[0:9:42:39] [0:11:42:39]

      Simon loped down the dark hallway, almost, but not quite, running. His gun was up, cocked, and ready, muzzle pointing at the ceiling as he went.

      His nerves were as taut as wire, his eyes and ears straining to catch any hints of Rupp. Adrenalin had him feeling fast enough to catch a bullet in his fingers, and he surrendered to it with a vague relief. Those two whirling counters had told him, very clearly, that there was no more time to proceed carefully. From here on out, he would count on his reflexes to make him react in time.

      The hallway stretched out before him, straight and empty. There weren't any doors leading off to the sides, either. Wherever this hallway was taking him, it was the only place to go.

      He considered for half a second, then yanked out his earpiece and stuffed it into his pocket, still moving. He couldn't risk any distractions now.


      "Just lie there and be still," Sandra told Jeremy, snapping her fingers at Mike and pointing at the far door, through which they'd come. Mike nodded and jogged off to guard the door. "Keep the pressure on as best you can," she went on. "We'll get you out of here as soon as we can, but right now you have to look after yourself, because I have other things to worry about."

      Jeremy nodded, hissing breath through his teeth. His eyes were closed, and his face was drawn and pale. "Go," he said shortly.

      Sandra absently touched his shoulder and then jumped to her feet. "Texas, stay here, guard this door," she said, jerking her chin at the door that Jeremy and Simon had originally come through. "I'll take the door that Templar went through."

      "Right," Johnny said, shifting the big gun to rest more comfortably on his hip. Sandra ran across to the third door.

      At the far end of the room, behind the rumbling satellite, Mike's gun cracked twice, producing a spate of confused yells. Jeremy's eyes snapped open at the noise, but Johnny barely glanced in that direction. "Fuck off," Mike called genially through the busted door. The guards apparently did.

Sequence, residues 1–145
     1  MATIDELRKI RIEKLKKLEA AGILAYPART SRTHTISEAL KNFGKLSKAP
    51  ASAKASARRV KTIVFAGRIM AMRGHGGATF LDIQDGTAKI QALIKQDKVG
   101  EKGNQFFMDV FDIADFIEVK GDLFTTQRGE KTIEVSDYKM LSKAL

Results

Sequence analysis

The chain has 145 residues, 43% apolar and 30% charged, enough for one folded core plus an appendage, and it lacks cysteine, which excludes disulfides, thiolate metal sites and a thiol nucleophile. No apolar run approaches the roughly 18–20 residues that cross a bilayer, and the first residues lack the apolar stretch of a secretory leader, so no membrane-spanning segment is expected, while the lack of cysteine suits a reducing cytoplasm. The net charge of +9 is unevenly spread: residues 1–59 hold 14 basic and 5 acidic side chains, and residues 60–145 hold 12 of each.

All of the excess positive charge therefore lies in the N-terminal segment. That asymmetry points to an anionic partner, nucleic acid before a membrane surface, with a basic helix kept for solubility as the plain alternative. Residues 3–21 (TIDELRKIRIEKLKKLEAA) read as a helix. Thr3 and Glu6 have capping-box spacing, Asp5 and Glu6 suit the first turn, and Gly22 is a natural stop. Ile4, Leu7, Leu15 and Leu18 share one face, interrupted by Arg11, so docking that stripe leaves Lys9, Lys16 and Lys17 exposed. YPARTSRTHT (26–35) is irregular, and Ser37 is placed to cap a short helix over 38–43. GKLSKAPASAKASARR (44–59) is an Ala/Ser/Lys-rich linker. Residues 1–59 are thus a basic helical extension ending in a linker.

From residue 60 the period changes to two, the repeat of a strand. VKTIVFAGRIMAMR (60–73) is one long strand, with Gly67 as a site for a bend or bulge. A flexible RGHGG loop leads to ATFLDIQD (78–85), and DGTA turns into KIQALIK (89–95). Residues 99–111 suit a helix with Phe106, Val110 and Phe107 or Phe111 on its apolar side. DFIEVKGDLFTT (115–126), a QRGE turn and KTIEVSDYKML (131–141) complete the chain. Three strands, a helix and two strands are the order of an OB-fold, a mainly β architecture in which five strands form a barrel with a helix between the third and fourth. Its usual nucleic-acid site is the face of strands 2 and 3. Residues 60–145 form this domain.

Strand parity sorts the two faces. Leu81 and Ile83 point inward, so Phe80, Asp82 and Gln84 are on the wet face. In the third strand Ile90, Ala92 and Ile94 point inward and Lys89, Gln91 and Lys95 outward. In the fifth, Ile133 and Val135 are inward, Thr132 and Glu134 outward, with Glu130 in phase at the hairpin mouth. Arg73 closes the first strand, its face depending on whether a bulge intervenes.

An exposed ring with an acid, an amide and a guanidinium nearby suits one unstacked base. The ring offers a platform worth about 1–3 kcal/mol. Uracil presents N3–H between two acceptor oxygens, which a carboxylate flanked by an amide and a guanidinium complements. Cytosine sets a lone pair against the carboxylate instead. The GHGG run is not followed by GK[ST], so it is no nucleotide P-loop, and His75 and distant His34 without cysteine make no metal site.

Jeremy took a deep and shaky breath, and gasped in the middle of it, and didn't do it again. "If you..." he started to say, and then had to stop and swallow. "If you... pull the screwdrivers... out of the... control panel... the door will... close," he eventually managed to say, panting shallowly rather than taking another real breath.

      Johnny glanced down at him. "Will it open again?"

      "No," Jeremy said.

      Johnny nodded. "I'll wait 'til the others get here."

      "... good plan." Jeremy closed his eyes again, and his bloody fingers flexed around the folded shirt.

[0:9:07:02] [0:11:07:02]

      The hallway ended abruptly in a single empty doorway, gaping open blackly in front of Simon. Tiny lights glowed in that dimness, computer lights, and ever so vaguely beyond them he could see the other side of the room and a second door, standing open to reveal a dimly-lit staircase. Simon's upper lip skinned back to show his teeth in a little snarl.

      Simon's eyes fixed on that doorway and the staircase and he burst into the darkened room, nerves thrumming. He didn't stop. He didn't even slow down. Rupp already had enough of a head start. Still, as he came into the room he checked the room, out of habit, left to right, and so his head was turned away when Rupp sprang his ambush from behind a pile of crates to his right.